How to read the Bible and learn what God wants you to assimilate. Matthew Chapter 12:3-7 “Haven’t you read?” Jesus asked the Pharisees who were there to challenge the Author of every scripture. “If you had known what these words mean…” To suggest that the scribes and Pharisees had not read a portion of scripture was an insult to their proud all knowing. These scholars had studied the sacred books continually. Their reputations were built on knowing each word, each letter of scripture, not necessarily the One who wrote it. They delighted in the esteem of others more than God. Back in the day, Jesus quoted the Scriptures that referred to Him, yet they did not recognize Him. The facts which they so diligently collected concerning the words of the old testament did not impress Jesus who stunned them by stating “If you had known what these words mean.” These intense readers of the law tried to punk the Savior on a matter concerning the law. Like a bird of prey uses it’s claws to rip and to tear, the Pharisees targeted Jesus. Why did your disciples pick heads of grain, do they not know the law? The all knowing Pharisees accused the disciples of threshing grain in their hands on the Sabbath to have a snack. Jesus responded “Haven’t you read?” This piercing question insinuated that the Pharisees have not read, yet they were lifelong students of all the Holy Scriptures. Jesus continues “if you had known what these words mean” Jesus knew their hearts and with mercy understood that even though their eyes skimmed over God’s word as they counted every letter, made scholarly notes… yet they did not understand.
Jesus rocked the boat of the Pharisees and He freaked His disciples out as He walked on water. To benefit from reading the Bible, we are wise to ask the Author for understanding and not to take too much pride in how many verses we can quote. As readers of the sacred volume today we need to ask the Helper to give us understanding. There are many translations, and many scholarly commentators, but the best translator is God Himself and He sent us the Holy Spirit to teach us, guide us, and give us right discerment. Jesus charges that if a person reads the Bible but does NOT understand what the Word says, then the person has not eaten, digested or assimilated the Bread of Life. We are to gain sustenance as we read the Bible. “Ask not and receive not.” To be nourished, we must ask for understanding that we may take the intended nutrients into us. Feeding upon the truth of the Holy Scripture we grow closer to the Author and Perfecter of our souls. The best food for us is the living and active Word of God. Sermons and books are good but pure streams that run for a long distance above ground gradually gather up some of the soil to which they flow and the water gets murky as it loses the cool freshness it began with. Living water from the head of the spring is the sweetest truth.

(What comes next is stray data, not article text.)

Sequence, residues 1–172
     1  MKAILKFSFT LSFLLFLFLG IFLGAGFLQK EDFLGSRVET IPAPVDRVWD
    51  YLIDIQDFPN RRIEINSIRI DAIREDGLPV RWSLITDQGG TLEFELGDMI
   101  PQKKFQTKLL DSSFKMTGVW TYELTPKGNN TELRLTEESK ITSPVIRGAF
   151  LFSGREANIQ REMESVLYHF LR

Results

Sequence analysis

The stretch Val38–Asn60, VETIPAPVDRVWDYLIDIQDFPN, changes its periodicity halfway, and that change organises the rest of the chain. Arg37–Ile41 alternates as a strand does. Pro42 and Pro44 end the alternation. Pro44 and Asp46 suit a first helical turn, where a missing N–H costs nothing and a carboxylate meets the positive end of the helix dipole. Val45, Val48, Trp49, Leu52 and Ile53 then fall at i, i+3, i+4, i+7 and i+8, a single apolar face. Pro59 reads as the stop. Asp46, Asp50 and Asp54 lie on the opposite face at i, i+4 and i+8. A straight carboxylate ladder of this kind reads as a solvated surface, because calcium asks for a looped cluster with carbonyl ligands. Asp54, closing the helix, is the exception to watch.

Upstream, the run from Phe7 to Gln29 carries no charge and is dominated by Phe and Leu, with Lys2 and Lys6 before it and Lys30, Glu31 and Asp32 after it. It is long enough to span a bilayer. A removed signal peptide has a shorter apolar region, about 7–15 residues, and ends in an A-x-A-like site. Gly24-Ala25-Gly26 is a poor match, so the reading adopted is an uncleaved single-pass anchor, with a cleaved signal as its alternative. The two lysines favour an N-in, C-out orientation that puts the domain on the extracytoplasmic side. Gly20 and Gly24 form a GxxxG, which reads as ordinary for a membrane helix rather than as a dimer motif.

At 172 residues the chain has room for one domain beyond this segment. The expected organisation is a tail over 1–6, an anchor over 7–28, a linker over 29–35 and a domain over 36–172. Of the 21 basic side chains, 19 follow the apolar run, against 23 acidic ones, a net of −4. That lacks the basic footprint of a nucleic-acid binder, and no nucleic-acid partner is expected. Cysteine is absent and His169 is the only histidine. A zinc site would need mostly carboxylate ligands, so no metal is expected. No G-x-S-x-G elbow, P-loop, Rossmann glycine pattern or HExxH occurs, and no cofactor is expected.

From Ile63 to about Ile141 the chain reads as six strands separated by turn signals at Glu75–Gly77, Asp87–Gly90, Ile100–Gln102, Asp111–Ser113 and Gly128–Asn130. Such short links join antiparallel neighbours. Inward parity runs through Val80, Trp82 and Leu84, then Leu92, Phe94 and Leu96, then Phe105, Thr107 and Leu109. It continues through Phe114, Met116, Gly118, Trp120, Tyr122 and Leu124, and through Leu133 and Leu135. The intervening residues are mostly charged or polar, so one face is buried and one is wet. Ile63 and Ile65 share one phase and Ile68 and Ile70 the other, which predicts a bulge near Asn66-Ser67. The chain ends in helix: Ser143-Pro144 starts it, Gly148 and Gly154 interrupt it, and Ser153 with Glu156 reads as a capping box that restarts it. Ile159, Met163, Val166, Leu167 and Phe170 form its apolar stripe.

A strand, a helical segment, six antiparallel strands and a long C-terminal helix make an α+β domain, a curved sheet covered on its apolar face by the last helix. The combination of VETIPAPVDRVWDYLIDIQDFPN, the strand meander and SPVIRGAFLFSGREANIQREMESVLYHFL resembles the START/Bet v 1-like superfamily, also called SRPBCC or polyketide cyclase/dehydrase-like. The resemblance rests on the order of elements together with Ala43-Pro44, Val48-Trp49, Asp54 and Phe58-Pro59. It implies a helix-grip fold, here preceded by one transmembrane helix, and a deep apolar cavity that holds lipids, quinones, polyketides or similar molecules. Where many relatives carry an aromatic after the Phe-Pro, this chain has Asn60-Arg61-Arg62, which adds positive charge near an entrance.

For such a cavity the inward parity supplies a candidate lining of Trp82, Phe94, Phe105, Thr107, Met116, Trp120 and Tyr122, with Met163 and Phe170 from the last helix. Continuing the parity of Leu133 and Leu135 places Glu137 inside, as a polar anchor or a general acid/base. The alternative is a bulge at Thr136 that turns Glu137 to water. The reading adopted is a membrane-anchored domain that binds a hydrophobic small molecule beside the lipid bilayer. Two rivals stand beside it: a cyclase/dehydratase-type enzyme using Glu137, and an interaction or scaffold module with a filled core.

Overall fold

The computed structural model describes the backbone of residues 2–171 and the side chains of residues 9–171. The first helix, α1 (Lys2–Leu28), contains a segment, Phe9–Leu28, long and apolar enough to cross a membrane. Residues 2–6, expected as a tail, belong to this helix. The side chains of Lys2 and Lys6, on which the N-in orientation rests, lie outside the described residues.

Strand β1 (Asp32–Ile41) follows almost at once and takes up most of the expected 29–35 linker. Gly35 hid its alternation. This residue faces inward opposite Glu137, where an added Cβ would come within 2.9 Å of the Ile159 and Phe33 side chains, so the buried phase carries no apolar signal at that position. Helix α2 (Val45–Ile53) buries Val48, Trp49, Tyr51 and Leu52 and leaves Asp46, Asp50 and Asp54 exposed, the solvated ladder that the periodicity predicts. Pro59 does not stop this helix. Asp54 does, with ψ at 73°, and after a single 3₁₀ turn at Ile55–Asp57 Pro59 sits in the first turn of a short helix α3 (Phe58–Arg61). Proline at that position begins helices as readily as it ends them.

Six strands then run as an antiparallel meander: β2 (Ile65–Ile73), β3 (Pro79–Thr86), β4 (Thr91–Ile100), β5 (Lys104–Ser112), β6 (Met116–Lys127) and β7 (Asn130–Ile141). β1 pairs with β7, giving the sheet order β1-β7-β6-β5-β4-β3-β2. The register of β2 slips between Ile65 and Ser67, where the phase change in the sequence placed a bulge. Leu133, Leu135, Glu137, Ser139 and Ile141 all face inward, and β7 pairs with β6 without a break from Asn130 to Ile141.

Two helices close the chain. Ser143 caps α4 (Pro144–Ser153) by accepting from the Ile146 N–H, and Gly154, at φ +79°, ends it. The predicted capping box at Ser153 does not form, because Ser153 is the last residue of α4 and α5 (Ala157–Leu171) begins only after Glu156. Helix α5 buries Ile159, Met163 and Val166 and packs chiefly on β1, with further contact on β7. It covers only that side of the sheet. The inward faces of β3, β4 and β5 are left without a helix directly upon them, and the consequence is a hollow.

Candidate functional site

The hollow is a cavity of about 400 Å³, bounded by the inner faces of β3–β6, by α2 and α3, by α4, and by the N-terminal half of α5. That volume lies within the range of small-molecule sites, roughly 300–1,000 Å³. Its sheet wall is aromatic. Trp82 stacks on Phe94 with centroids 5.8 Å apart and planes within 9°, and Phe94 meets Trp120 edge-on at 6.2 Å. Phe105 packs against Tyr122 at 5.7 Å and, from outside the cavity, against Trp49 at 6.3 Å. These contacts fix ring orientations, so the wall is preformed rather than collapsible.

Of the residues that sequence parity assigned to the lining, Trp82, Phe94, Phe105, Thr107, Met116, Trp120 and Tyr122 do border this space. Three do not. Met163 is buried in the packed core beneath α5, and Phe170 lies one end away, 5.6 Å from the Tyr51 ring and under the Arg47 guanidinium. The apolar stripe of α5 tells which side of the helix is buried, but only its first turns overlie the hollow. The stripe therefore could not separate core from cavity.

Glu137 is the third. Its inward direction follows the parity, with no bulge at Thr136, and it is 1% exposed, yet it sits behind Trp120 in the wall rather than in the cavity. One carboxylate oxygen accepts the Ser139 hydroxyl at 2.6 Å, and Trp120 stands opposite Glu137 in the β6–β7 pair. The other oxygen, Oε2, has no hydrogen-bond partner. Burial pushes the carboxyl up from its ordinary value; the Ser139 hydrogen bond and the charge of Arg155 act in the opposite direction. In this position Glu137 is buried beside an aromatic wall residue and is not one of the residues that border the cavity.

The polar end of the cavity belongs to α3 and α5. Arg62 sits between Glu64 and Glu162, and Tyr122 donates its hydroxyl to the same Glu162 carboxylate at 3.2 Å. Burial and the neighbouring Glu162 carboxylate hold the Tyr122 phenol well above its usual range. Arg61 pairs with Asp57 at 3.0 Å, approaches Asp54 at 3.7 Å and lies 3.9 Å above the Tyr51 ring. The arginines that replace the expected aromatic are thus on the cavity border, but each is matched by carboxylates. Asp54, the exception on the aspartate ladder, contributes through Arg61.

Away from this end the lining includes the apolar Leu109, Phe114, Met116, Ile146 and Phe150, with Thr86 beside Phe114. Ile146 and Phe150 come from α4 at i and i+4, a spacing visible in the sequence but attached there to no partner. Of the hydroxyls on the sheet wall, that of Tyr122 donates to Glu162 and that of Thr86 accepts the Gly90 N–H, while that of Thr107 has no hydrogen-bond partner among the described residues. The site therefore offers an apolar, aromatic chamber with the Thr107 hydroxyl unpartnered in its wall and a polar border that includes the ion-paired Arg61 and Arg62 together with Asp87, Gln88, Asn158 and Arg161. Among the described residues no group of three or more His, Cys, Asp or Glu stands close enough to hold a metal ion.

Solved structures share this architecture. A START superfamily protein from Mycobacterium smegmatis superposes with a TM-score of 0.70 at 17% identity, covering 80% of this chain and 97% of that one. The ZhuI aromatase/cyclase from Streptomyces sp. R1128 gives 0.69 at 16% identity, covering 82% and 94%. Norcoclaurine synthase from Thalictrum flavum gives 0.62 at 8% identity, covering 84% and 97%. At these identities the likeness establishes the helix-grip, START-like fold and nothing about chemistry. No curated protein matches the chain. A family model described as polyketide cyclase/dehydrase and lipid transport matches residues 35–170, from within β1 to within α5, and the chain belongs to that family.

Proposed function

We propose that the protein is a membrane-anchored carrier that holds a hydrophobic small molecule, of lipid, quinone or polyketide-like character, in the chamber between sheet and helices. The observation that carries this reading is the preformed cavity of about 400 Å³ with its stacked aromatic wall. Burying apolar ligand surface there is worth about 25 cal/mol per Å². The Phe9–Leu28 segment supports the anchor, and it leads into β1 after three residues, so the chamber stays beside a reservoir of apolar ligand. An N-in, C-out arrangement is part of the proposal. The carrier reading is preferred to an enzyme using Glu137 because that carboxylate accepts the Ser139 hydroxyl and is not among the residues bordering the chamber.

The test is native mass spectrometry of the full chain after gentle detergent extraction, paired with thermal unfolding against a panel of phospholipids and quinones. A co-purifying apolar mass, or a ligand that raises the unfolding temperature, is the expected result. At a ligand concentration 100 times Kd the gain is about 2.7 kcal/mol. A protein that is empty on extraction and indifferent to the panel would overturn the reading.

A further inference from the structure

Where living water breaks from the rock that was struck, the first gush has lost none of its heaven vitality. Reading the Bible rather than commentaries about it is the surest way of growing grace. Drink the unadulterated milk of the word of God and not the skim milk of man’s word. Some avid readers of the Bible can read and recite a great amount of scripture. The eye glances, but the mind never rests and therefore, the soul does not light upon the truth and stay there. The eye flits over the landscape as a bird might do, but it does not pause to build a nest and settle into Him with comfort. Again reading without understanding what God wants a heart to grasp is to read and arise yet hungry and not truly fed. There is a way of reading the Bible that punctures and penetrates the hardest of hearts. Before we eat, before we read we ask the Holy One to give us understanding. With our invited Guest, the Holy Spirit on His glad assignment, our soul is satisfied with the fullness of understanding. Reading is no longer a mechanical exercise and profits us much. An Appetite for Truth